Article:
Councils cannot afford to replace homes sold under Right to Buy in England and Wales

The Right to Buy (RTB) scheme in England and Wales has become unsustainable and risks becoming a thing of the past unless councils are given the powers to set discounts locally and replace every home sold.

According to new research from the Local Government Association (LGA), which represents 370 councils, generous discounts for local authority tenants mean that the number of homes sold have quadrupled.

This is since the Government increased the size of the discounts available in April 2012. As a result the average discount has increased by 13% to more than £60,000 in 2016/2017 and selling properties at almost half price.

Councils are warning that they have been unable to replace the huge number of home sold as while they are allowed to keep a third of the sale price to put towards building new social housing, they are also prevented from borrowing to make up the shortfall in costs.

The LGA said it means that councils have only been able to replace around a fifth of homes sold since 2011/2012.

The figures show that in 2011/2012, the average discount for a council tenant purchasing under RTB was £26,690, around 25% of average property value, rising to £61,810 or 43% in 2016/2017.

Over the same period, councils have reported a 409% rise in RTB sales, from 2,638 in 2011/2012 to 13,416 in 2016/2017. This has amounted to a total of nearly 58,000 council homes sold under RTB in six years.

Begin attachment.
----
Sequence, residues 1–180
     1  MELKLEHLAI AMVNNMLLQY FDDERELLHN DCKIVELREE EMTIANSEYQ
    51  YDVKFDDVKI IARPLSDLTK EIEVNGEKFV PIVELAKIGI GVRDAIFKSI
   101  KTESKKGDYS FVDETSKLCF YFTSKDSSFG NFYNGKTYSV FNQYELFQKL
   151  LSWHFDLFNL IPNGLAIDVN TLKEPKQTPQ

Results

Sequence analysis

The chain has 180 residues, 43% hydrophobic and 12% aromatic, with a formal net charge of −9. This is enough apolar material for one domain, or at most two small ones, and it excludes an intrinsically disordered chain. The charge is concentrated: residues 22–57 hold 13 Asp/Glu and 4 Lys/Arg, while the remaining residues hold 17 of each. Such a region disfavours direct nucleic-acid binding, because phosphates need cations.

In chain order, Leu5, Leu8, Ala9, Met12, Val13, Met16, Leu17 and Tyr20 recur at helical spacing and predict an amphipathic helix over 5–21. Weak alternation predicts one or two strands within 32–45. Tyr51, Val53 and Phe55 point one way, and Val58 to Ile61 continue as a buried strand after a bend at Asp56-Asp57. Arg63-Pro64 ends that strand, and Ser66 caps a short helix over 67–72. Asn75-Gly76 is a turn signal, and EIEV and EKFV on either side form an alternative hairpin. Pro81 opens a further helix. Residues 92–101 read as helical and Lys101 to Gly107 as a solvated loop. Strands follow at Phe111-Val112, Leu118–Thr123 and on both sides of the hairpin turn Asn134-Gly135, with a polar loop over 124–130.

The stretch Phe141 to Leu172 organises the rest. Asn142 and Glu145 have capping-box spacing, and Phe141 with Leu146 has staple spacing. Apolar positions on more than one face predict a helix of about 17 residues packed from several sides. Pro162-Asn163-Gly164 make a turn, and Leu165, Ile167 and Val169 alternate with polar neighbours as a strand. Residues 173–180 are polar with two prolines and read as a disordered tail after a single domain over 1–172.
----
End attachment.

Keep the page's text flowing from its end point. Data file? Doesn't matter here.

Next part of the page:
The LGA is calling on the Government to ensure RTB works for future generations by allowing councils to set discounts locally and keep 100% of sale receipts to replace homes.

Council leaders are also urging the Government to accept the calls of both the LGA and the cross party Treasury Select Committee, and completely scrap the cap on the amount councils can borrow to invest in new and existing homes.

‘Councils support people’s aspiration to own their own home and Right to Buy is one way of doing this. However, selling council homes at a discount of nearly half price had led to a social housing fire sale that threatens the future of the scheme. The rate of homes sold under RTB combined with the restrictions on councils is making replacing homes sold virtually impossible,’ said Judith Blake, LGA housing spokesperson.

‘This loss of social rented housing risks pushing more families into the private rented sector, driving up housing benefit spending and rents and exacerbating our homelessness crisis. This is particularly concerning as many of the homes sold through the scheme ended up being rented out privately at more expensive rates,’ she explained.

‘For RTB to work, councils must be able to replace every home sold. Councils must be allowed to set RTB discounts locally, retain RTB sale receipts in full to replace sold homes, and be given the freedom to borrow to build new affordable homes and play a lead role in tackling the country’s housing shortage,’ she added.